TO all appearances, things went on
as usual for a week or two. The only difference
was that Mr. Brympton stayed on, instead of going off
as he usually did, and that Mr. Ranford never showed
himself. I heard Mr. Brympton remark on this
one afternoon when he was sitting in my mistress’s
room before dinner.
says he. “He hasn’t been near the
house for a week. Does he keep away because I’m
Mrs. Brympton spoke so low that I
couldn’t catch her answer.
“Well,” he went on, “two’s
company and three’s trumpery; I’m sorry
to be in Ranford’s way, and I suppose I shall
have to take myself off again in a day or two and
give him a show.” And he laughed at his
The very next day, as it happened,
Mr. Ranford called. The footman said the three
were very merry over their tea in the library, and
Mr. Brympton strolled down to the gate with Mr. Ranford
when he left.
I have said that things went on as
usual; and so they did with the rest of the household;
but as for myself, I had never been the same since
the night my bell had rung. Night after night
I used to lie awake, listening for it to ring again,
and for the door of the locked room to open stealthily.
But the bell never rang, and I heard no sound across
the passage. At last the silence began to be more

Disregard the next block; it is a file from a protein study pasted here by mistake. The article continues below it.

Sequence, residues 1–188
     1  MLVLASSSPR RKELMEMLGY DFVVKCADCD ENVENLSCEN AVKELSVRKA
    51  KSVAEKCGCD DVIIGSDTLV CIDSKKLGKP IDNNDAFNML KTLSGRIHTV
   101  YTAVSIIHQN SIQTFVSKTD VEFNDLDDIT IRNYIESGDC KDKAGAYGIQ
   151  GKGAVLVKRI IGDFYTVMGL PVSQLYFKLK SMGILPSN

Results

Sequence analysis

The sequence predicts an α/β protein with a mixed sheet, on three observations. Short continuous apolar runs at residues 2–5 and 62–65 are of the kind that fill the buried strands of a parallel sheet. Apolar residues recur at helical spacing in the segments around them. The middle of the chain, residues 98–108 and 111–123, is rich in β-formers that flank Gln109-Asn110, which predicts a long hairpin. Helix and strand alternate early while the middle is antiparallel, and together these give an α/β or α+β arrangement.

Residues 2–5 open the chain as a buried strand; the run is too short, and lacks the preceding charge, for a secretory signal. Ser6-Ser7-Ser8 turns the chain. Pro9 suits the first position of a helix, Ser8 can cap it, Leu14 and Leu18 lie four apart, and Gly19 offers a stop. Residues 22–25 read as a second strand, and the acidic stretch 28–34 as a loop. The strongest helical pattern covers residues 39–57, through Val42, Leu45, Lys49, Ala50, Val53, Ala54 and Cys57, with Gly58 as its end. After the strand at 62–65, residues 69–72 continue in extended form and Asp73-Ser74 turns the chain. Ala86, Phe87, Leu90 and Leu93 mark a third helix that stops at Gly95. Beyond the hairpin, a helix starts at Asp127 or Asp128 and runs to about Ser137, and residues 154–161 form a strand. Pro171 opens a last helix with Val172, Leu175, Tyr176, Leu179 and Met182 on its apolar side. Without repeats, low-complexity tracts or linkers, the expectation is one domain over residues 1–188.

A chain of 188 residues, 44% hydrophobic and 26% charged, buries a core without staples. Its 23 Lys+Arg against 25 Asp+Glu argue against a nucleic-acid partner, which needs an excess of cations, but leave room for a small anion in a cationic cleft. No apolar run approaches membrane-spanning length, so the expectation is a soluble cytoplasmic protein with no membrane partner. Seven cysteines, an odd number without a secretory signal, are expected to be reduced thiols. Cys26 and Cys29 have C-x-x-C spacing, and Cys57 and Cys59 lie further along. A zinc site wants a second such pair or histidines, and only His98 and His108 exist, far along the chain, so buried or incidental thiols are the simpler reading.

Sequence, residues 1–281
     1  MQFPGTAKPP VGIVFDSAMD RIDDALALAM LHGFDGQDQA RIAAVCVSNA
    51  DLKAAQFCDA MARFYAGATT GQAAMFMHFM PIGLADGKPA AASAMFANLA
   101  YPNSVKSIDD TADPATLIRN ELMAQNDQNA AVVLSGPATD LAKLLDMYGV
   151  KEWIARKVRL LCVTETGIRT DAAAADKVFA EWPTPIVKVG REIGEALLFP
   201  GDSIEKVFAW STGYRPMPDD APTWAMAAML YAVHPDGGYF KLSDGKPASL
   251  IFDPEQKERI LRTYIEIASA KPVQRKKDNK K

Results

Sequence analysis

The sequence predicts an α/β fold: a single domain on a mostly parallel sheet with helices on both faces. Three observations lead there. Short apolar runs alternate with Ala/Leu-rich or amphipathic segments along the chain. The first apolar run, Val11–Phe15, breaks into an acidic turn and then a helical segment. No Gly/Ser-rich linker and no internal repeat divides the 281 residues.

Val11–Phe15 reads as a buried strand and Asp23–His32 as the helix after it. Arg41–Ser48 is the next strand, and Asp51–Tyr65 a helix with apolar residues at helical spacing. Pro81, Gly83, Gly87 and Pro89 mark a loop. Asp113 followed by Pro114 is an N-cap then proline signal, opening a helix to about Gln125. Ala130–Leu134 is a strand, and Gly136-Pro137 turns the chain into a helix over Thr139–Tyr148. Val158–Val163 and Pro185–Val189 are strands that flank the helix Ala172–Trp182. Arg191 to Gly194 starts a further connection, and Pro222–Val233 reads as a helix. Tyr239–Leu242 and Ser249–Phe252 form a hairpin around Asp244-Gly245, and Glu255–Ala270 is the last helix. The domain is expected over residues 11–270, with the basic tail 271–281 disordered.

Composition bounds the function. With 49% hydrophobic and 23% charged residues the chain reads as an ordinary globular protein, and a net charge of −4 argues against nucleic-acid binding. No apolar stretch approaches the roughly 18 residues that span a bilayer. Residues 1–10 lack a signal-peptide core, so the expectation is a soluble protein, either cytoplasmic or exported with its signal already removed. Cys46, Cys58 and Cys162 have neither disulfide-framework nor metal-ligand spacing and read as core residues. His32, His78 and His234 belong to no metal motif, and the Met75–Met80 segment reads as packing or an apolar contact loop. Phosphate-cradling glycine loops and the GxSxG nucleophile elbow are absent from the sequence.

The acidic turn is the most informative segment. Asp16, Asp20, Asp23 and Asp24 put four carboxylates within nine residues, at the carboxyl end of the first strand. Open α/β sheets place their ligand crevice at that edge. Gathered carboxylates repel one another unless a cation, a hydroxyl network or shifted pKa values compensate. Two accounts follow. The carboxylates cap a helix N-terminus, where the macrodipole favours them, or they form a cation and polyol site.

dreadful to me than the most mysterious sounds.
I felt that someone were cowering there, behind
the locked door, watching and listening as I watched
and listened, and I could almost have cried out, “Whoever
you are, come out and let me see you face to face,
but don’t lurk there and spy on me in the darkness!”
Feeling as I did, you may wonder I
didn’t give warning. Once I very nearly
did so; but at the last moment something held me back.
Whether it was compassion for my mistress, who had
grown more and more dependent on me, or unwillingness
to try a new place, or some other feeling that I couldn’t
put a name to, I lingered on as if spell-bound, though
every night was dreadful to me, and the days but little
For one thing, I didn’t like
Mrs. Brympton’s looks. She had never been
the same since that night, no more than I had.
I thought she would brighten up after Mr. Brympton
left, but though she seemed easier in her mind, her
spirits didn’t revive, nor her strength either.
She had grown attached to me, and seemed to like to
have me about; and Agnes told me one day that, since
Emma Saxon’s death, I was the only maid her
mistress had taken to. This gave me a warm feeling
for the poor lady, though after all there was little
I could do to help her.
After Mr. Brympton’s departure,
Mr. Ranford took to coming again, though less often
than formerly. I met him once or twice in the
grounds, or in the village, and I couldn’t but
think there was a change in him too; but I set it
down to my disordered fancy.
The weeks passed, and Mr. Brympton
had now been a month absent. We heard he was
cruising with a friend in the West Indies, and Mr.
Wace said that was a long way off, but though you
had the wings of a dove and went to the uttermost